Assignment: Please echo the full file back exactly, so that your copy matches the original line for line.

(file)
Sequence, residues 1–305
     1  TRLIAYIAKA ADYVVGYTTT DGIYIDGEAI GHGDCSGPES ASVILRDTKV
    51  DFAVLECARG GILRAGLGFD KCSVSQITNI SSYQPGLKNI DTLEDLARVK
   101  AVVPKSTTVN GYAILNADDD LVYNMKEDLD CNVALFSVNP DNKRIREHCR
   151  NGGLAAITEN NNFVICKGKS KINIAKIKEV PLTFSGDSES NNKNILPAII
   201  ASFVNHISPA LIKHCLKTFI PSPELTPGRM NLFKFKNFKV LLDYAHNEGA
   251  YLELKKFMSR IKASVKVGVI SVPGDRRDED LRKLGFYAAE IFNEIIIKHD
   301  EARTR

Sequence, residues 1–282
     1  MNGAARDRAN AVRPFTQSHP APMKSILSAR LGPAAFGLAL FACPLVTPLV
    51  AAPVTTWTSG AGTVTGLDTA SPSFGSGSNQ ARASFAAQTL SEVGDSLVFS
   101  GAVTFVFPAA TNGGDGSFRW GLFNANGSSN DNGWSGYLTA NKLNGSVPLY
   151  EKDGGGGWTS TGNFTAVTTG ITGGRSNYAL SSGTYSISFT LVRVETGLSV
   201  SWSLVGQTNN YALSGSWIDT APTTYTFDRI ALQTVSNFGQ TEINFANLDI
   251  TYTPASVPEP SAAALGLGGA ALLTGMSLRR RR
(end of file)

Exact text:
Sequence, residues 1–305
     1  TRLIAYIAKA ADYVVGYTTT DGIYIDGEAI GHGDCSGPES ASVILRDTKV
    51  DFAVLECARG GILRAGLGFD KCSVSQITNI SSYQPGLKNI DTLEDLARVK
   101  AVVPKSTTVN GYAILNADDD LVYNMKEDLD CNVALFSVNP DNKRIREHCR
   151  NGGLAAITEN NNFVICKGKS KINIAKIKEV PLTFSGDSES NNKNILPAII
   201  ASFVNHISPA LIKHCLKTFI PSPELTPGRM NLFKFKNFKV LLDYAHNEGA
   251  YLELKKFMSR IKASVKVGVI SVPGDRRDED LRKLGFYAAE IFNEIIIKHD
   301  EARTR

Sequence, residues 1–282
     1  MNGAARDRAN AVRPFTQSHP APMKSILSAR LGPAAFGLAL FACPLVTPLV
    51  AAPVTTWTSG AGTVTGLDTA SPSFGSGSNQ ARASFAAQTL SEVGDSLVFS
   101  GAVTFVFPAA TNGGDGSFRW GLFNANGSSN DNGWSGYLTA NKLNGSVPLY
   151  EKDGGGGWTS TGNFTAVTTG ITGGRSNYAL SSGTYSISFT LVRVETGLSV
   201  SWSLVGQTNN YALSGSWIDT APTTYTFDRI ALQTVSNFGQ TEINFANLDI
   251  TYTPASVPEP SAAALGLGGA ALLTGMSLRR RR